In her brainy, blazing novels, Esi Edugyan flouts every cliché about Black characters in fiction. Her debut, The Second Life of Samuel Tyne, follows a Ghanaian economic forecaster in the ultra-white wilds of Alberta. Sid Griffiths, the African-American bassist in Half-Blood Blues, works in a jazz club in Nazi Berlin. And the eponymous star of her newest novel, Washington Black, is an ex-slave who floats around the world in a hot-air balloon. The book owes as much to Laurence Sterne and Herman Melville as it does to first-person slave narratives, and it has transformed the Calgary-born, Victoria-based Edugyan into an international literary star. She’s been shortlisted for a shelf’s worth of awards — the Man Booker and Writers’ Trust prizes among them — and won the 2018 Scotiabank Giller Prize. We talked to Edugyan about the inspiration for the novel, her recent brush with fame and how she finds time to write as a parent.
Washington Black follows an enslaved person on a plantation in Barbados. Why do you think slavery narratives are so pervasive in contemporary literature?
Because we’re still living with the legacy of slavery. If you think of America, it’s part of the fabric. The country was essentially built on the backs of slaves. This is where a lot of the wealth was generated, what made the country sustainable. So it’s very much part of the foundation of society.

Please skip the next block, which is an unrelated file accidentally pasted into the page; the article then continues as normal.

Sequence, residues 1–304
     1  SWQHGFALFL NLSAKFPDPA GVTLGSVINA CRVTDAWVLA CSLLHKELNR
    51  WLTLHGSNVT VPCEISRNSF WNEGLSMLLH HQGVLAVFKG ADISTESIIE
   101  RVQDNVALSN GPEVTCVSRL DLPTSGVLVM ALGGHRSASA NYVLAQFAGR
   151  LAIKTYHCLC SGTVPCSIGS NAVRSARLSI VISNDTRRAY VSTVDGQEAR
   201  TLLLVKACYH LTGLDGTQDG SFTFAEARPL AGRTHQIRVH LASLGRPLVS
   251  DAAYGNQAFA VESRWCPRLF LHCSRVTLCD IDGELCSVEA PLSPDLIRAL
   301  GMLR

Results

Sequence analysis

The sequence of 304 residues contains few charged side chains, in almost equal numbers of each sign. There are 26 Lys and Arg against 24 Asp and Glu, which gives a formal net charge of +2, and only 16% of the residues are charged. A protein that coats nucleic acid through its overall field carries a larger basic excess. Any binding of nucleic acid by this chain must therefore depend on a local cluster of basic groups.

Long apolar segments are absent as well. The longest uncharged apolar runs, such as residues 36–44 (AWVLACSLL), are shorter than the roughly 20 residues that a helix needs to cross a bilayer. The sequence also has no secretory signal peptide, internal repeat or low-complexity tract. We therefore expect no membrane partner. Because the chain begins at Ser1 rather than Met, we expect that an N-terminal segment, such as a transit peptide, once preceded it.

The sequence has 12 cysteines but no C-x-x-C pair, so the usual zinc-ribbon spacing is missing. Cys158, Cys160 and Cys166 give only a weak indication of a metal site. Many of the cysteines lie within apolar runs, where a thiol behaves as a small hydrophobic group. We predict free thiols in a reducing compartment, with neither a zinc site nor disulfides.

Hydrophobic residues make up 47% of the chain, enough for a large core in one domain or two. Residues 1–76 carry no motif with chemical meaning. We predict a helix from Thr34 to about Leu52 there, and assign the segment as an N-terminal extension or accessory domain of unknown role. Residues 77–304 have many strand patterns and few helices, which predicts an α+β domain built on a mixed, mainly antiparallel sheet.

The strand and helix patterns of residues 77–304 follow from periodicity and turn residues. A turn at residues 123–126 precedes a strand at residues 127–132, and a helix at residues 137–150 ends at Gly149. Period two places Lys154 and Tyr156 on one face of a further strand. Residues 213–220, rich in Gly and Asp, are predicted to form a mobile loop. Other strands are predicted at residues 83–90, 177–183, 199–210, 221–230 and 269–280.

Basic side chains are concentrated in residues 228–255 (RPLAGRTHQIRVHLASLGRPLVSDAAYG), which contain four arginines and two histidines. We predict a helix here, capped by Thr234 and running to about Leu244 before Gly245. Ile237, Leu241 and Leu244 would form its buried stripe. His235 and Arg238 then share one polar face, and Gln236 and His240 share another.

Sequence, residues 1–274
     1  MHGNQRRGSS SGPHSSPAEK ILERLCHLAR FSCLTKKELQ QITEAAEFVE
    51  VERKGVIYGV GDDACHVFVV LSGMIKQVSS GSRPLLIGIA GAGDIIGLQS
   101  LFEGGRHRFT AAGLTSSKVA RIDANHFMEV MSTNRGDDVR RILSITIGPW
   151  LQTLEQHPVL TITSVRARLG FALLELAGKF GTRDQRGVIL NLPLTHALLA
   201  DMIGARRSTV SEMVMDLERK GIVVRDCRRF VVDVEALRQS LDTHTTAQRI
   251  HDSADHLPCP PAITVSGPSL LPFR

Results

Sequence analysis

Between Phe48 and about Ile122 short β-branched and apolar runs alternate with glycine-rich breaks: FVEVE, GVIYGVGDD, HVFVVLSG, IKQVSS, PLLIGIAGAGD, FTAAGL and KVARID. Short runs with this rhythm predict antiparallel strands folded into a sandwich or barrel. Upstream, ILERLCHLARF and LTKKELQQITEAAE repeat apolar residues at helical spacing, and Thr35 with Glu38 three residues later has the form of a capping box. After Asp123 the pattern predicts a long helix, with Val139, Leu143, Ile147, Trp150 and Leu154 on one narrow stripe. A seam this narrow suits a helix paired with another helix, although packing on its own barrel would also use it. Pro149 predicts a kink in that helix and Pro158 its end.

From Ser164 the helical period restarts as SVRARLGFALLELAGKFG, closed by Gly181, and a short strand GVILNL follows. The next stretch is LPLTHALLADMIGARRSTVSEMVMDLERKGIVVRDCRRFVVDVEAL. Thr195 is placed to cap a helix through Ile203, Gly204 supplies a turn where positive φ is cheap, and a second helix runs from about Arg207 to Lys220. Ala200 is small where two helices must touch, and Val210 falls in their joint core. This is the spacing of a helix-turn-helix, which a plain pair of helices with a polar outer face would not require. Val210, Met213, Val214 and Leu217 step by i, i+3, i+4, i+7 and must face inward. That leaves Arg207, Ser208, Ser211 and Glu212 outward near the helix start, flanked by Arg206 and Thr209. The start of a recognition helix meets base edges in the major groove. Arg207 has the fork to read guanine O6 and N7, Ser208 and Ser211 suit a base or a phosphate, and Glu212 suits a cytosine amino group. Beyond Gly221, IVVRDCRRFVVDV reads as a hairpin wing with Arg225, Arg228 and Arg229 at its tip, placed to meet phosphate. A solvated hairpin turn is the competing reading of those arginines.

Something you do in most of your books is take Black characters and place them into narratives that have been traditionally occupied by white characters. Is that a conscious decision on your part?
Yes. In a way it’s a byproduct of a natural curiosity I have for Black people appearing where you would least expect them to be. That could be because I grew up in Calgary and was a very visible figure in 1987. I felt divorced from the general social fabric. I’m looking for the figures who are hidden from us. We don’t realize they’re there.
What have you done to make your voice heard as a Black author? Have you faced any challenges?
I actually think we’re pretty fortunate in Canada — the literary climate is different from what it was, say, even 10 years ago. Publishers have worked much harder to be inclusive, and readers have responded in kind, opening themselves to diverse, unheard stories, which isn’t necessarily the case in other places, especially in today’s political climate.
What was the inspiration for Washington Black?
In the 1850s, Roger Tichborne, son of an aristocratic English family, went missing off the course of Argentina. His mother, who doted on him, refused to believe he’d died. She consulted a clairvoyant, who said that her son was alive and well and living in a far-off land. So she put notices in newspapers, and she got a response from Australia from a man who was living under the name of Thomas Castro. He wanted to claim his inheritance. But in case it wasn’t him, she thought she’d send an emissary out to him. The man she chose, Andrew Vogel, was an ex-slave who’d been stolen from a plantation in the Caribbean. He had been a servant in their household for 40 years. I wanted to tell the story of someone like Vogel, who had been taken out of a world of brutality and pain and where he didn’t know if he was going to die that day.